Bad Feminist

My decision to shave

More stories from Rebecca Mennecke

Yesterday, I ran out of extra razors for shaving.

Usually, I  keep extras around my room so, when I need a new one, I have at least one on hand. But, the last time I went grocery shopping, I didn’t buy more because I assumed I had more at home. So it was a Tuesday night, and I needed a razor since it’s warmer out and I wanted to start wearing shorts. I had articles to edit, a paper to write, articles to finish up on and a research project to crank out.

But still, the thought of having legs with thick fur covering my skin horrified me.

I didn’t want anyone to notice any hair on my body, lest they think I, a human being, actually grow hair. So I ran out with some friends to a local drugstore and spent about $15 (yes, 15 whole dollars) on a pack of razors. So I not only spent money on something I don’t really need, but I also wasted time — time I could have been using to work on the numerous things I needed to do.

I got to thinking: Why do I feel like I need to shave my legs? I mean, it’s completely natural to have hair on our bodies — it is what’s supposed to keep us warm in the winter. (But even that may not be enough in the Midwest.)

I know the typical feminist will say, “Well, Becca, you didn’t need to buy those razors. You could have just left your legs furry. That’s how they’re supposed to be anyways.”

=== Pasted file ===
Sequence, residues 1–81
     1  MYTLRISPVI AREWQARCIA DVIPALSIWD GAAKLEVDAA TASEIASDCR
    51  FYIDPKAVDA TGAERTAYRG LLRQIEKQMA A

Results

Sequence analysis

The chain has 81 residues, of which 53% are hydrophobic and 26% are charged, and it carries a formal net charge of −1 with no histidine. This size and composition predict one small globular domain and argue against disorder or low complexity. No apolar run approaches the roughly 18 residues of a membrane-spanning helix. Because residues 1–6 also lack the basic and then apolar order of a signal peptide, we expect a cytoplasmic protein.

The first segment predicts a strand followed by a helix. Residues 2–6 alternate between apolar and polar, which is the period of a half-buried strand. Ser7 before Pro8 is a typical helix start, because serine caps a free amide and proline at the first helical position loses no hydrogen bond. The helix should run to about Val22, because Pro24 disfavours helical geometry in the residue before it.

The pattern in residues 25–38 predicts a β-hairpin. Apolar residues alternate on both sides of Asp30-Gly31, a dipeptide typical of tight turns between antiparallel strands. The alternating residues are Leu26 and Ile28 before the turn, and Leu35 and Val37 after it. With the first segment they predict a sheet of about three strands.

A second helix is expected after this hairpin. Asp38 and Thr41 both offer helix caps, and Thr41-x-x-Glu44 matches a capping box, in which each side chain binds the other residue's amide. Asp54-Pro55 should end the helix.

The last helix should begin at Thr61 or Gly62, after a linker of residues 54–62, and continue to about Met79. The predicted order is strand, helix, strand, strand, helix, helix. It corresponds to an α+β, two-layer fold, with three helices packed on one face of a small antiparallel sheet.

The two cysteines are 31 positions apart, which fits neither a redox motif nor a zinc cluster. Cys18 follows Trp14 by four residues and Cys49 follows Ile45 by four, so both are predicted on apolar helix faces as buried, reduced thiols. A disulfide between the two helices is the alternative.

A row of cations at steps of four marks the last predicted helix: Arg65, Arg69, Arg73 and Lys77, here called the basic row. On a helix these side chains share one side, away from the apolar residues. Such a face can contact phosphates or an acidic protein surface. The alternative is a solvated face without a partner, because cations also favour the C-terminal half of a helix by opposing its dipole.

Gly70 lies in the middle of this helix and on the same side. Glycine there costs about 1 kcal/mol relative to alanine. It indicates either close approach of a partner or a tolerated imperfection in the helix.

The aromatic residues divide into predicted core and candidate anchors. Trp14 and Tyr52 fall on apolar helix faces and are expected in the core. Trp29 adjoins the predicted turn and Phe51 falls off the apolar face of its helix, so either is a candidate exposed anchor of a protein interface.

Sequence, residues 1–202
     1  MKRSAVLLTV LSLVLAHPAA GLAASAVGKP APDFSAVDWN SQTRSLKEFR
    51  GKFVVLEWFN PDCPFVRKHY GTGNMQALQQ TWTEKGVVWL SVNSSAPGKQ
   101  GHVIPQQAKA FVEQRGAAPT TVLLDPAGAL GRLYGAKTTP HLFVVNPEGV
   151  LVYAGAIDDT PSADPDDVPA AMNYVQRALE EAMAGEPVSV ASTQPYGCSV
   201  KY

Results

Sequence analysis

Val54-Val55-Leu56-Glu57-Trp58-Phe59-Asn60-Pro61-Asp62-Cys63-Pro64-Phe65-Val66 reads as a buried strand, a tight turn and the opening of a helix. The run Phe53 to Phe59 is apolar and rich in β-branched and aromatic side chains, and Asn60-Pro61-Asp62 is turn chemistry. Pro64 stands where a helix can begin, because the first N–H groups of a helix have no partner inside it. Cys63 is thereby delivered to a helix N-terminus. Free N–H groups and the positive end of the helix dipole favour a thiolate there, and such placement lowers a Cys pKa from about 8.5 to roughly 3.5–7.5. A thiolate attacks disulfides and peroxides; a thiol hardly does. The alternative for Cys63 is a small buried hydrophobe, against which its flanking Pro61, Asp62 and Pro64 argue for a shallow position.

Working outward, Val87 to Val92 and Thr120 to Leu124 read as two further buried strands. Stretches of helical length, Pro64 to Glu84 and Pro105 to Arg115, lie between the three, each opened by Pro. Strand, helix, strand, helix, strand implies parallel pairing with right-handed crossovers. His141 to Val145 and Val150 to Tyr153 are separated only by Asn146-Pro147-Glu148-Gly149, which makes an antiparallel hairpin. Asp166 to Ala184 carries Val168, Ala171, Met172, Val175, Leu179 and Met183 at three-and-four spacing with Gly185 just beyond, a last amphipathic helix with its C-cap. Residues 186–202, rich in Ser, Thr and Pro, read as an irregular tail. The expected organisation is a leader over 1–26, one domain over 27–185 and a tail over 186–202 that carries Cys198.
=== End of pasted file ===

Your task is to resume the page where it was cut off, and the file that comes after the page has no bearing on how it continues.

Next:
And they would be absolutely right.

I hate the expectation that women have to shave literally all over their body and men don’t. It’s an unfair standard that benefits men, since men only have to shave their faces (and only if they choose to).

I don’t understand who even came up with that double standard, anyways. After a little research, I discovered the root of the problem was capitalism (which is unsurprising).

Basically, King Camp Gillette (known for Gillette razors) wanted to make bank and so he advertised razors for women too — when they never needed them before, according to a Bustle article. The timing couldn’t have been better either; it was the era of shorter skirts, so the leg could be revealed.

According to Mental Floss, women’s hair removal items began being advertised around 1908.

Around 1915, the razor began being advertised for women. It was no different then than it is today; women looked to magazines (or I guess social media today) for models of femininity. And what they saw reflected back at them was shaved hairless. So they did it too.

I don’t get why women have to get rid of something that’s 100 percent natural when men don’t — particularly when it’s natural. I can’t stop my hair from growing. I can’t tell it to stop.

Yet, I still shave my legs. It’s a personal decision.

I know, I know, I’m feeding into the patriarchy and whatever, but it really is a personal decision. I don’t like the way hair feels on my body. I love feeling like a plucked chicken.

It makes me feel squeaky clean — especially if I have my cherry blossom lotion to smell extra fresh. It’s a personal decision I make, and that’s my right to make that decision. If you shave or if you don’t — or however you deal with hair — is your decision.

It’s a decision we as women have worked hard to have, so I’m going to take full advantage of it, even if it means I have to spend a ridiculous $15 on a Tuesday night when I have other things to do. It’s a nice break, anyway.

Mennecke can be reached at [email protected].